Article révisé par les pairs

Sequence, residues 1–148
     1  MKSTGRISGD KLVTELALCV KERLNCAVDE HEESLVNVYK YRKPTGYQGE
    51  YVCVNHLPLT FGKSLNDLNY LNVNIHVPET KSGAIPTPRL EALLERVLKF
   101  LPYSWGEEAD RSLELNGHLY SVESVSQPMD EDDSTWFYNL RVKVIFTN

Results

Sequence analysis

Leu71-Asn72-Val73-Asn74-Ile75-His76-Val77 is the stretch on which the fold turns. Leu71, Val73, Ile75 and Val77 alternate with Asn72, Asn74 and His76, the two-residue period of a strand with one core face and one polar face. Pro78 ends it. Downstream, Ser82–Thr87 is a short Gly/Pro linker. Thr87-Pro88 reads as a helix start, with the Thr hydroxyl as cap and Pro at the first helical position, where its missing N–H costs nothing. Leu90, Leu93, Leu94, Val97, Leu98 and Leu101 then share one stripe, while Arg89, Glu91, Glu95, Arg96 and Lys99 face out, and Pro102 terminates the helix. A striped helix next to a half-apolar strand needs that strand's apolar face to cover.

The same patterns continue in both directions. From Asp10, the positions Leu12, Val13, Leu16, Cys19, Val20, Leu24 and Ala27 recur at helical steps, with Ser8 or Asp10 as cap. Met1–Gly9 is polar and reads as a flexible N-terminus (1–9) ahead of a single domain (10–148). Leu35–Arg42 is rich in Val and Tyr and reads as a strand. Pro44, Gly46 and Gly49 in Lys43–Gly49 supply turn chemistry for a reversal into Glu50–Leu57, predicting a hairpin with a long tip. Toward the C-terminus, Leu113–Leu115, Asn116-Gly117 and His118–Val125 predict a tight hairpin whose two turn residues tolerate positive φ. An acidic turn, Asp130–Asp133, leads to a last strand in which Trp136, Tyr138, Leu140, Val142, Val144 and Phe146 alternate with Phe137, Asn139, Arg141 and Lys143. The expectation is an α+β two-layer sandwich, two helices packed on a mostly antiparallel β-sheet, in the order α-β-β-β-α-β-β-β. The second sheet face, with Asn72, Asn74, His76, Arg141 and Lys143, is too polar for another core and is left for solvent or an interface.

Résumé : Abstract Understanding the impact of mutations on protein–protein binding affinity is a key objective for a wide range of biotechnological applications and for shedding light on disease-causing mutations, which are often located at protein–protein interfaces. Over the past decade, many computational methods using physics-based and/or machine learning approaches have been developed to predict how protein binding affinity changes upon mutations. They all claim to achieve astonishing accuracy on both training and test sets, with performances on standard benchmarks such as SKEMPI 2.0 that seem overly optimistic. Here we benchmarked eight well-known and well-used predictors and identified their biases and dataset dependencies, using not only SKEMPI 2.0 as a test set but also deep mutagenesis data on the severe acute respiratory syndrome coronavirus 2 spike protein in complex with the human angiotensin-converting enzyme 2. We showed that, even though most of the tested methods reach a significant degree of robustness and accuracy, they suffer from limited generalizability properties and struggle to predict unseen mutations. Interestingly, the generalizability problems are more severe for pure machine learning approaches, while physics-based methods are less affected by this issue. Moreover, undesirable prediction biases toward specific mutation properties, the most marked being toward destabilizing mutations, are also observed and should be carefully considered by method developers. We conclude from our analyses that there is room for improvement in the prediction models and suggest ways to check, assess and improve their generalizability and robustness.